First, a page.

Social network, advertising juggernaut, science lab
Facebook has been called many things over the years, some positive, some negative and ironically this is how the world’s largest social network may have targeted your mood with their week long study of nearly 690,000 English language news feeds.
Indeed when it comes to Facebook, the latest trending topic is the news that an ‘emotion-manipulation study’ was conducted by those at the social network to see how the posts shown on your news feed could affect your mood.
In the article titled: ‘Experimental evidence of massive-scale emotional contagion through social networks’ authors Adam D. I. Kramer, Jamie E. Guillory and Jeffrey T. Hancock, highlighted the desire to first find out if the information that we receive through our news feeds can affect our mood and secondly, whether or not these moods can be passed on without physical interaction.
Many disgruntled users have taken to various social media platforms to have their say and it seems the legality of not requesting consent is the biggest talking point
When the study took place back in January 2012, the researchers altered the news feeds of 689,003 users to show a disproportionate number or either positive or negative status updates, they used a keyword study and algorithms to select the statuses of friends and affiliates, which contained positive or negative words and pushed them on to the users’ news feeds to see how their mood was reflected in their next updates.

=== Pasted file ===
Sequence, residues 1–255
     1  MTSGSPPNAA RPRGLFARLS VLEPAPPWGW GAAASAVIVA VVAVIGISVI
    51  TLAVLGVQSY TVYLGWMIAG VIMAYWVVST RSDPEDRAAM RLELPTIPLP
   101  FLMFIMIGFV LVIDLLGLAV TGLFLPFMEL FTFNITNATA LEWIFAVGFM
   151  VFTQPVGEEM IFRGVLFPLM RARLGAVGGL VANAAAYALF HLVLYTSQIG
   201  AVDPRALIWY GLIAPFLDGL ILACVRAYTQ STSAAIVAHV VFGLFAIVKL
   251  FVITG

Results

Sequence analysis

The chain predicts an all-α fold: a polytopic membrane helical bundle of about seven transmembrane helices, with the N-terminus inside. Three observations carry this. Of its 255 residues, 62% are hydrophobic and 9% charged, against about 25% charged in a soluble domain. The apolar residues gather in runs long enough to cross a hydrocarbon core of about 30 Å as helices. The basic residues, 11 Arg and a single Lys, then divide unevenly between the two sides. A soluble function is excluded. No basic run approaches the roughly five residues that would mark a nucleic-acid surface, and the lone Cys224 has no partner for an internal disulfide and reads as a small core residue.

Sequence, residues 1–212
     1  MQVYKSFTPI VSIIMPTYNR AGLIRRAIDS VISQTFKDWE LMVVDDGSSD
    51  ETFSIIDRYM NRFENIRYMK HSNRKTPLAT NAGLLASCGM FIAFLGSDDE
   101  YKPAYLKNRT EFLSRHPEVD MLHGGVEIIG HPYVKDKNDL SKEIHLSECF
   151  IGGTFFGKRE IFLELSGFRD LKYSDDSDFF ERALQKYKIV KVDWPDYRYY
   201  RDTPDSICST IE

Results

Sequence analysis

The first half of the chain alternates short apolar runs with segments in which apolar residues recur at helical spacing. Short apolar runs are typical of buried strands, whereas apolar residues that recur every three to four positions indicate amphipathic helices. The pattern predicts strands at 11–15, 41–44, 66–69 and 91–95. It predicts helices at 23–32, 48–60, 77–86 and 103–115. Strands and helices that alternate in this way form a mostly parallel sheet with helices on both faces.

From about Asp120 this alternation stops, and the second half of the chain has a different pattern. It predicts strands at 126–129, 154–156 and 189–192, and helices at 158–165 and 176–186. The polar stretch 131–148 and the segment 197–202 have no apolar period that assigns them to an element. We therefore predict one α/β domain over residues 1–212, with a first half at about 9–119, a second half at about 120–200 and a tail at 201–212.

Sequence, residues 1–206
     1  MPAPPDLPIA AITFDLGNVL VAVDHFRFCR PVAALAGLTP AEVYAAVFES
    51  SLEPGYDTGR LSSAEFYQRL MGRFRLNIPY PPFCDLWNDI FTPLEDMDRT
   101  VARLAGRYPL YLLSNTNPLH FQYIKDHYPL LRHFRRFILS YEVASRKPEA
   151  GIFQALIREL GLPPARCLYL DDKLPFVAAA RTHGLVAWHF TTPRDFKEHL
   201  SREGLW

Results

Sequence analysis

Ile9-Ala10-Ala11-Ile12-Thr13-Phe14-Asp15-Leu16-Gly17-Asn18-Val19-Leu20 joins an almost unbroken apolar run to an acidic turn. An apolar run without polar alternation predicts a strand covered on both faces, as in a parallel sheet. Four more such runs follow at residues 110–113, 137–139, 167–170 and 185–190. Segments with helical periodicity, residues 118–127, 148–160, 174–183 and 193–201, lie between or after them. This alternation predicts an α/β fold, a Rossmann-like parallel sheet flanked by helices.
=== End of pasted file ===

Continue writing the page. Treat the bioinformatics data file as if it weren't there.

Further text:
Their findings showed that there was a positive correlation between the future status updates of the participants and the emotion to which they had been ‘pushed’ towards.
The idea was big, bold and in the eyes of many, unethical.
Many disgruntled users have taken to various social media platforms since the publication of the results to have their say and it seems as though the legality of not requesting consent is the biggest talking point.
The truth however, is that when questioning the legality of such a study, the answer is clear, Facebook did no wrong and the signing and acceptance of the Data Use Policy, which all new account holders are required to agree to upon joining the site are clear. The document states that users agree to have their data accessed: ‘for internal operations, including troubleshooting, data analysis, testing, research and service improvement.’
As highlighted on other social networks such as Twitter, users questioned whether or not it was right to not offer the choice to opt in or out of the study.
One of the writers has however rebuked the idea that they went beyond ethics and the legal context of the Data Use Policy, but offered an apology for a lack of transparency, admitting at times that they got things wrong.
In a public statement (below) about the publication of the experiments findings, Kramer, the co-author, who works as a member of Facebook’s Core Data Science Team, responded to the critics in an apologetic Facebook post saying: “The reason we did this research is because we care about the emotional impact of Facebook and the people that use our product.”
“We felt that it was important to investigate the common worry that seeing friends post positive content leads to people feeling negative or left out. At the same time, we were concerned that exposure to friends’ negativity might lead people to avoid visiting Facebook.
“We didn’t clearly state our motivations in the paper.”
Where do you stand on the legal/ethical questions that have been raised by the study? Let us know in the comments box below.